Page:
Coroner probes death of Quebec senior who spent 36 hours on balcony
By Sidhartha Banerjee, The Canadian PressNews Health Care health care Long term care PERS Quebec surveillance
MONTREAL—The family of a 93-year-old Quebec woman who died after spending about 36 hours inert on her balcony at a seniors’ residence wants to see better surveillance for the elderly in such establishments.
Marie-Rose Gauthier lived in an autonomous living apartment at a seniors’ home in Saguenay, Que., and her family believes she fell on the eve of the June 24 Fete Nationale holiday and was unable to get up.
She was discovered on June 25, dehydrated and suffering from hypothermia and died three days later in hospital on June 28.
Denise Ouellet, Gauthier’s daughter, said her mother had all her faculties, but was prone to falls and due to her knees had difficulty getting up. She wasn’t wearing her bracelet alarm to alert anyone she’d fallen.
“She was a 93-year-old woman who still had a level of autonomy—she even made her own meals,” Ouellet recounted Wednesday. “Yes, she was 93—but she could have lived to be 100.”
Ouellet and her brother had gone to see their mother earlier that Sunday afternoon and when her brother called to check on her later that evening, their mother was on the balcony enjoying a drink before dinner.
“She’d described to me what she would be eating for supper and when they found her on the Tuesday morning, the meal was on the counter so she didn’t come in to eat,” Ouellet said. “My mother fell on her balcony—she fell a lot.”
Typically her mother wore a bracelet that alerted staff to any problems, Ouellet said.
“Mom wore her bracelet—but on the day of the 23rd, she wasn’t wearing it,” Ouellet said. “It was on her night table.”
Given several falls and some downturns in her health, Ouellet said she and her siblings had been concerned about their mother’s safety and arranged for her to move into a supervised unit, but she refused.
Her daughter said that Gauthier had also cancelled a free service in the past month that had volunteers checking in twice daily over the phone, a cancellation they only discovered after the fact.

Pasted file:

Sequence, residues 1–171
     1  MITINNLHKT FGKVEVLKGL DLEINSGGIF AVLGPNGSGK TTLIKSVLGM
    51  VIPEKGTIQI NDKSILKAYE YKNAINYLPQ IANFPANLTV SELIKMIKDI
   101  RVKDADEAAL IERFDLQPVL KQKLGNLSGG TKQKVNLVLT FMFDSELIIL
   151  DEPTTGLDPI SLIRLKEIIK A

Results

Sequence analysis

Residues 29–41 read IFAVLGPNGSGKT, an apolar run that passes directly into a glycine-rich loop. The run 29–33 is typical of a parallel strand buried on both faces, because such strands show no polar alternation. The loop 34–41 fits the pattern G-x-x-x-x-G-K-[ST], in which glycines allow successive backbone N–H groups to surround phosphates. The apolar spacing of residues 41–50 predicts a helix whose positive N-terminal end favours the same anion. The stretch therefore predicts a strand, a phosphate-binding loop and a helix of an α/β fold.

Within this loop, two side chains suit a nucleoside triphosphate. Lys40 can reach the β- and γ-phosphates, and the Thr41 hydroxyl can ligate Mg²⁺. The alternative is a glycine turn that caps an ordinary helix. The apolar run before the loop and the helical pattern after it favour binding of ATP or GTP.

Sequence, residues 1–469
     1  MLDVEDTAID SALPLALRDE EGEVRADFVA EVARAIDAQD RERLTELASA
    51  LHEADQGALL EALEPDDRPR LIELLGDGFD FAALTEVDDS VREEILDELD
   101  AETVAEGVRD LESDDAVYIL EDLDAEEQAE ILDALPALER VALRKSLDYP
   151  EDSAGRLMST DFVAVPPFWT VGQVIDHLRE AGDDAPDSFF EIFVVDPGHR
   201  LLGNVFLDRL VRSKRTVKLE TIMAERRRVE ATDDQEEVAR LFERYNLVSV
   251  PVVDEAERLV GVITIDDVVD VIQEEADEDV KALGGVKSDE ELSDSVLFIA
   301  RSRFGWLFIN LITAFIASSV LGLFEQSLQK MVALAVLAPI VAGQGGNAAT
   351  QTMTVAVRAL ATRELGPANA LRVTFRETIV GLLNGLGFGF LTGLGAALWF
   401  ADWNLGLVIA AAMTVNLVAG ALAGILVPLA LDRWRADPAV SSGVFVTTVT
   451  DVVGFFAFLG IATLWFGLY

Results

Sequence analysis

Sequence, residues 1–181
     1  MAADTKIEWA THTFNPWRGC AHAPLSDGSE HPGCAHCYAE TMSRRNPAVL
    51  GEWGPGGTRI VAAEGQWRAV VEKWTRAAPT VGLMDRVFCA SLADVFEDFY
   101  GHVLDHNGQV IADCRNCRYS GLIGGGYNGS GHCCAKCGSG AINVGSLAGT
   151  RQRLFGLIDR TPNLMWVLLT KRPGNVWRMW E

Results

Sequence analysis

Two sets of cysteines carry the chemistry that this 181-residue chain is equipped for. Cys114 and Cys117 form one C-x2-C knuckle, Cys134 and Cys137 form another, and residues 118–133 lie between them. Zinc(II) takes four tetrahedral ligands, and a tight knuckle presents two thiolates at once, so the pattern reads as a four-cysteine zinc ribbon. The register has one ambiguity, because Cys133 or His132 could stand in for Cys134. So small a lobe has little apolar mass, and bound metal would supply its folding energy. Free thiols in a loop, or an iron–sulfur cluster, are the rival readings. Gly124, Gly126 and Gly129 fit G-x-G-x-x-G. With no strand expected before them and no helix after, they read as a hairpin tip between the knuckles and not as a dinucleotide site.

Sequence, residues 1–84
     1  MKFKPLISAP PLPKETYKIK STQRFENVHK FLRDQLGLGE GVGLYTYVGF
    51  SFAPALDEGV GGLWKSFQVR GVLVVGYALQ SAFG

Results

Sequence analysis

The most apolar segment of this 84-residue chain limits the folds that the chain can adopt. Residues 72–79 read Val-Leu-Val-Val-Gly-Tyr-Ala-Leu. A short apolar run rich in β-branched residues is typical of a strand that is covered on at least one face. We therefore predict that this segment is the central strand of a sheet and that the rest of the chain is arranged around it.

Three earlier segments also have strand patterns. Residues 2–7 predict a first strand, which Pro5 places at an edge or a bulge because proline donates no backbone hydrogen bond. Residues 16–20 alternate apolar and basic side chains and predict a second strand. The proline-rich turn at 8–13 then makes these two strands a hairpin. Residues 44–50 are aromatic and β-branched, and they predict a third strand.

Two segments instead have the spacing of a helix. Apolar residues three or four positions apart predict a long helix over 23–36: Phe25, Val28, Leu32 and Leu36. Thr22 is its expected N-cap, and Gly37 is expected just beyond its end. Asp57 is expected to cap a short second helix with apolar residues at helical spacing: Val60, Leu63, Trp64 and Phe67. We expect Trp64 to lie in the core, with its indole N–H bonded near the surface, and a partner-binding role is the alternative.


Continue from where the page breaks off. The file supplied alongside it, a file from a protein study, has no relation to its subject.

Ouellet said she’d like to see new measures to avoid anyone else ending up in a similar situation. Those include a better definition of autonomy in leases, as it can change drastically from year to year.
She also advocated for increased security at seniors’ residences, noting a little knock on the door might have meant a different fate for her mother.
“A little tock tock on the door, ‘Madame Gauthier, how are you doing today?’,” Ouellet said. “What we’re saying that if there was a person who knocked during the day and at night—a human presence—at least she wouldn’t have spent a full day and two nights on the balcony.”
The issue of seniors’ security has been front and centre, and last month a coroner ruled the hypothermia death of a 93-year-old woman last January was accidental, but video footage of the woman trying to re-enter the luxury seniors’ residence from the enclosed courtyard where she died shows it was preventable as well.
Helene Rowley Hotte Duceppe, mother of former Bloc Quebecois leader Gilles Duceppe, died of hypothermia on Jan. 20, on a bitterly cold, snowy morning when she was lured outside by what turned out to be a false fire alarm and became trapped.
Seniors’ Minister Marguerite Blais is reviewing the rules surrounding seniors’ homes, but the province wouldn’t comment on the death until the coroner’s probe is complete.
But a provincial seniors’ rights group said the solution may be for seniors to take responsibility for their own safety and take advantage of available tracking technology instead of asking the government to legislate.
“It’s a situation that’s sad, that could have been avoided without adding a layer of legislation,” said Patrice St-Pierre, general manager of the local chapter of FADOQ in the region, a seniors’ rights organization. “She wasn’t wearing a bracelet and refused to move to an apartment that would have provided more assistance.”
St-Pierre said he believes the responsibility lies in seniors and their families setting up networks with neighbours and others to stay connected.
“It’s the kind of thing that could have happened in a private home without any surveillance,” St-Pierre added. “That’s why it’s important for people to develop links with relatives and neighbours to check in with them.”
For Ouellet, she said the responsibility can’t only fall on family or the seniors themselves. She said the matter merits discussion and she’ll be interested to see the coroner’s recommendations.
“If this happened, what more can we do?” Ouellet said. “It’s a question we need to ask.”
News from © Canadian Press Enterprises Inc. 2019
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